As Elizabeth and Darcy start their convoluted, sour-sweet courtship, events swiftly etch the novel’s main developments. Elizabeth becomes interested in a dashing soldier, Lt. Wickham (Rupert Friend), who has an awkward history with Darcy; meanwhile, she’s pursued by a boring reverend, William Collins (Tom Hollander).
Initial set of romantic entanglements comes memorably together at the 35-minute mark in another, much more upscale ball, this time at Bingley’s residence. Helmer Wright’s use of long steadicam sequences and Moggach’s ability to keep a large number of characters on the boil come into their own here. Elaborately but not showily choreographed, and giving the viewer a precise sense of social geography within the interlinked rooms, it’s the movie’s set piece, as Elizabeth negotiates advances from both Collins and Darcy.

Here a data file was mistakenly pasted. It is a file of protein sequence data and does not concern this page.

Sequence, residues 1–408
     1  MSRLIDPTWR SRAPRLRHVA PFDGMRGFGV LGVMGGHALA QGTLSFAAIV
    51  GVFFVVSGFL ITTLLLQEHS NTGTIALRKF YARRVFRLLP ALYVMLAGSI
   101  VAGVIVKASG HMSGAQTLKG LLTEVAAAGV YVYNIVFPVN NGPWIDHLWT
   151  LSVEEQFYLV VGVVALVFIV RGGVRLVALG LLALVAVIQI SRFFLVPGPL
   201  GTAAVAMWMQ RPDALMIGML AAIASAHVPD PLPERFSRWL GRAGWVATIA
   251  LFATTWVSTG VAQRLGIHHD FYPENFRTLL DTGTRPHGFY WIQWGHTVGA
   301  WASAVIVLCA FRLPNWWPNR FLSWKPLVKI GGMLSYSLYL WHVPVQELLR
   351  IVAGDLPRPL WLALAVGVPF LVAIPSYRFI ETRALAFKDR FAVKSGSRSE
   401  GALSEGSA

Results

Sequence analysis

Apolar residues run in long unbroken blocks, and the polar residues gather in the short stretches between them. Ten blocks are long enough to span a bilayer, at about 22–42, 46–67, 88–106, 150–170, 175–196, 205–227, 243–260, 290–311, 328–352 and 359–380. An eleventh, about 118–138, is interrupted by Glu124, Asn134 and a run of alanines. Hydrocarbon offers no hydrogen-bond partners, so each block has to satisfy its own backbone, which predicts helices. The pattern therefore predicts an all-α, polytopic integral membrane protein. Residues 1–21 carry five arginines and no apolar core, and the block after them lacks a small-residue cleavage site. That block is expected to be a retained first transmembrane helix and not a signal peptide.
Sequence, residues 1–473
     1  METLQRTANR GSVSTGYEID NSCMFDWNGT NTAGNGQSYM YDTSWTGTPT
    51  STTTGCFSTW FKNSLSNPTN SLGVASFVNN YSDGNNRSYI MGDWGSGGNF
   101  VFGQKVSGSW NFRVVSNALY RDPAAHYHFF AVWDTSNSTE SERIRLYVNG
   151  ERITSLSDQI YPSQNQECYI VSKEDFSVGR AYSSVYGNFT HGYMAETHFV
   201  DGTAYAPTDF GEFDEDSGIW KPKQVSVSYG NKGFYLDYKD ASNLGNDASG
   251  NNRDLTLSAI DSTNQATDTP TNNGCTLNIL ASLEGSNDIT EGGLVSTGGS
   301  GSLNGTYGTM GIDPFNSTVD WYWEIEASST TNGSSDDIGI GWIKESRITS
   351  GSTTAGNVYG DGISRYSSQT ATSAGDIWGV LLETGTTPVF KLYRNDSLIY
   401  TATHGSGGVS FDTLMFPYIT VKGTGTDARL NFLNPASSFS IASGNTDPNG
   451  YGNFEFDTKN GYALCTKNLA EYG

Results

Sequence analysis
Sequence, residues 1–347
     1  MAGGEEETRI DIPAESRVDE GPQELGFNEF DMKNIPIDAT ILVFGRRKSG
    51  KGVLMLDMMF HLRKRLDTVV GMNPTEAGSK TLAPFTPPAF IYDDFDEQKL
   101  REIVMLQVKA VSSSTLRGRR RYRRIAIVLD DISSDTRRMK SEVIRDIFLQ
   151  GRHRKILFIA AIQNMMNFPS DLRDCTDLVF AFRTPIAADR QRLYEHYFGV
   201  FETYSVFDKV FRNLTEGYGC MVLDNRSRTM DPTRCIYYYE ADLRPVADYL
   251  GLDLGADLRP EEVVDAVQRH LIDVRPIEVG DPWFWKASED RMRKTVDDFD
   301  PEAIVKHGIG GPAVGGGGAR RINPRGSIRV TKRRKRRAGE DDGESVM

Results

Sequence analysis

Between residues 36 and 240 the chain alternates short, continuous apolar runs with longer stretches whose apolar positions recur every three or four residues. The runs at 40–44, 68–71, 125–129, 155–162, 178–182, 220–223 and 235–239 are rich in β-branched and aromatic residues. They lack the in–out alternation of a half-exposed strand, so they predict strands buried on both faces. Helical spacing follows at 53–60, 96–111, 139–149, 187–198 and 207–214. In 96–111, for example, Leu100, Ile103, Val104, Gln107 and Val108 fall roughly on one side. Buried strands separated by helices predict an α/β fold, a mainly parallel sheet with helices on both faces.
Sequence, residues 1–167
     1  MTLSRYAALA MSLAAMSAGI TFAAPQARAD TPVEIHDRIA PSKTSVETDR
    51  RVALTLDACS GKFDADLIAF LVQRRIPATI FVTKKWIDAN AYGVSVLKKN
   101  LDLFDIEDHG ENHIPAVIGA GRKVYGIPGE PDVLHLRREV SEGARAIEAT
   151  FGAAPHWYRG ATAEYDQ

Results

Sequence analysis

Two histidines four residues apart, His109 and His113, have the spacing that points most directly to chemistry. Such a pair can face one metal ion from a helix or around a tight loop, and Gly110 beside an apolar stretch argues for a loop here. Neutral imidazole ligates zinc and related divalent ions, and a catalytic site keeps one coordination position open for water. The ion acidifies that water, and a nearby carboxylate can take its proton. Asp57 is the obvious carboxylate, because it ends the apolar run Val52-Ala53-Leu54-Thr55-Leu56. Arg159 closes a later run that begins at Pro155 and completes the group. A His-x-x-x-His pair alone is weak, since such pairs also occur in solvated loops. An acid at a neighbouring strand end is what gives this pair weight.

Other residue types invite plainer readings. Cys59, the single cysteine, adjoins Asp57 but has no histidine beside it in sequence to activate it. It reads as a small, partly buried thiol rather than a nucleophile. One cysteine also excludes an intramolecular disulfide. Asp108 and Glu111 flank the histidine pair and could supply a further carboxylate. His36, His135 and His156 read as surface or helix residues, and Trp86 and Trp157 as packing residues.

Pic starts to tighten the emotional screws just prior to the hour mark, with the first entry of romantic piano-and-strings scoring. Darcy’s passionate proposal, and Elizabeth’s equally passionate rejection, show both thesps at the top of their game, emotionally fueling the long final act and coda.
Looking every bit a star, Knightley, who’s shown more spirit than acting smarts so far in her career, really steps up to the plate here, holding her own against the more classically trained Macfadyen (as well as vets like Blethyn, Sutherland and Judi Dench) with a luminous strength that recalls a young Audrey Hepburn. More than the older Ehle in the TV series, she catches Elizabeth’s essential skittishness and youthful braggadocio, making her final conversion all the more moving. Thesp’s only weakness is her over-clipped delivery, more Kensington than rural Hertfordshire.